Oncology, says Maren Klawiter, turns you into a professional patient.
It creates a population that is effectively well but can never be cured.

A haunted population.


The tumor is a medium for the coming together, the passing through of

Cells. Calcifications. Sonographers. Mammographers. Radiologists.Surgeons. Oncologists. Needles. Sharpies. Surgical knives. 5 centimeter Kopans hookwires. Nuclear injections. The long arms of chromosome 13. Mutations. Stereotactic biopsies. MRIs. Biowaste. CATScans. Gadolinium.Chemo showers. Warm compresses.. Genetic counselors. Magnetized atomsWigs. Lymph nodes. Padded bras. 3D software. Anaesthesia. Pink teddy bears. Shamans. You.

Without the tumor, their coming together would be absurd. The tumor is the medium of this assemblage.
What is one object for a percipient, is something else to another percipient.

A drop of water to a patient is a swarm of protons to an electromagnetic field and a turtle to a shaman.

The cells that are malignant to us are freedom fighters to the tumor. The tumor is a bunch of cells declaring independence, demanding autonomy, cells whose purpose and future are no longer aligned with ours.

A tumor is a bunch of cells that refuse to die.

A tumor is a bunch of cells seeking their own identity, their own image.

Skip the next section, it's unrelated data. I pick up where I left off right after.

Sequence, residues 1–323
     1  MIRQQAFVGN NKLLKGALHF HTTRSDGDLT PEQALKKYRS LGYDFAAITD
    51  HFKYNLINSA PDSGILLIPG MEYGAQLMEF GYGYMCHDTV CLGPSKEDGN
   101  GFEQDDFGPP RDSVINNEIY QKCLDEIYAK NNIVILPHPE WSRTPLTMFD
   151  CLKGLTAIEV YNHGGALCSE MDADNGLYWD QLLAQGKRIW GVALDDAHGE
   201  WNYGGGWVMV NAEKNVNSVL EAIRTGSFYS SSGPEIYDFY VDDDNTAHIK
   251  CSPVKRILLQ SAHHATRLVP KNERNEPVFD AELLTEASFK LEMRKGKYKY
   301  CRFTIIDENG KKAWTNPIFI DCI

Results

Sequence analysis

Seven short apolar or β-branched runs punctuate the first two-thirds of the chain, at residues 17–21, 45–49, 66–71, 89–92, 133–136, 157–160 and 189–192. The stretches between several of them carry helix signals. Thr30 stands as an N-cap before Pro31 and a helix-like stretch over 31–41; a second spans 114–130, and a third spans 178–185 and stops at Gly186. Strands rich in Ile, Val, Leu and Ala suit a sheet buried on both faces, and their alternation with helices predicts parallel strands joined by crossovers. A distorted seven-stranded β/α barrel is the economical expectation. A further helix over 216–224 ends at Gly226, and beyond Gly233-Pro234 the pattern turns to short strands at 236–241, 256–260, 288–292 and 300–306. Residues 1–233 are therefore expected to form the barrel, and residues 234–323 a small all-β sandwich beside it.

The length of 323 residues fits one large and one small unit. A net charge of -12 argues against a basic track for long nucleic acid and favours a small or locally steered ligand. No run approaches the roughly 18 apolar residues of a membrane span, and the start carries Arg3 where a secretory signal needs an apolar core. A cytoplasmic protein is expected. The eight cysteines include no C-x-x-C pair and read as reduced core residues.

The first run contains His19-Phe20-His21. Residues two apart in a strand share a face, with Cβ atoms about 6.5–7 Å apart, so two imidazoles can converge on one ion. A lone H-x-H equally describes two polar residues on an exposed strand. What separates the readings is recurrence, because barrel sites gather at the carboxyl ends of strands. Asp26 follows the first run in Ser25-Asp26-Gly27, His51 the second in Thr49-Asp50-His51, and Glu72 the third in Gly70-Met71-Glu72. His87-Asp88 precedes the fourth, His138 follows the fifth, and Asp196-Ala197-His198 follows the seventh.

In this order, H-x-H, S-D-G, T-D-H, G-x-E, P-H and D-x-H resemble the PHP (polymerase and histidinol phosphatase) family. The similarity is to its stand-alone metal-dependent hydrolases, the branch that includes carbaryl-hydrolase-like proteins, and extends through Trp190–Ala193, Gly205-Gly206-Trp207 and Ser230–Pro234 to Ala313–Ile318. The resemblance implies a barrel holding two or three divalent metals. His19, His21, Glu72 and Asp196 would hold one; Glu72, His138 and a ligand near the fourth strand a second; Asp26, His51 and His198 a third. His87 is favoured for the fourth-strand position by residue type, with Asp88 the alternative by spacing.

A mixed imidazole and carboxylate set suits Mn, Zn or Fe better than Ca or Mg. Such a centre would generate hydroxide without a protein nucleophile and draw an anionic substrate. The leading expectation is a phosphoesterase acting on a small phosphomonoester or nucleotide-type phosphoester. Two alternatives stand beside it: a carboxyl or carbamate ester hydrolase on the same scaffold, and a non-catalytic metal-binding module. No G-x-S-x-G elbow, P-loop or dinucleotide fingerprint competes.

We are the medium for images.

If the MRI uses magnetic resonance to image the unseen interior of the body, Shamans use acoustic resonance to find images inside US, and cast them out.

A medium is the concentration of vibrations, the intensification of resonance through matter.

A medium is what is passed through.

And the state of being-passed-through.

I am a medium.
You are a medium.
He is a medium.
She is a medium.
They are media. We are media.

155,000 human beings die every day.

90 billion homo sapiens are dead and gone already since the rise of homo sapiens.

>Millions of species gone forever.

We walk on their dust.

We spin their electrons.

Their genes R us.

We are the formations of their information
those who came before us.

We are the scribes

And the scribes make mistakes

And the mistakes cost lives.

But the mistakes are vital.

None of this unfolding could’ve unfolded without the mistakes.

Transmission is transformation.

That is what the medium said.
That is what the tumor said.

Today will pass.

Tomorrow will pass.

This week will pass.

This month will pass.

This year will pass.

This half-decade will pass.

This is the schedule of survivors.

That’s all of us–all of you–who live on for one more day,

One more week,

one more month,

one more decade…

Passing through and being passed through.

That is what the tumor said.

That is what the tumor said.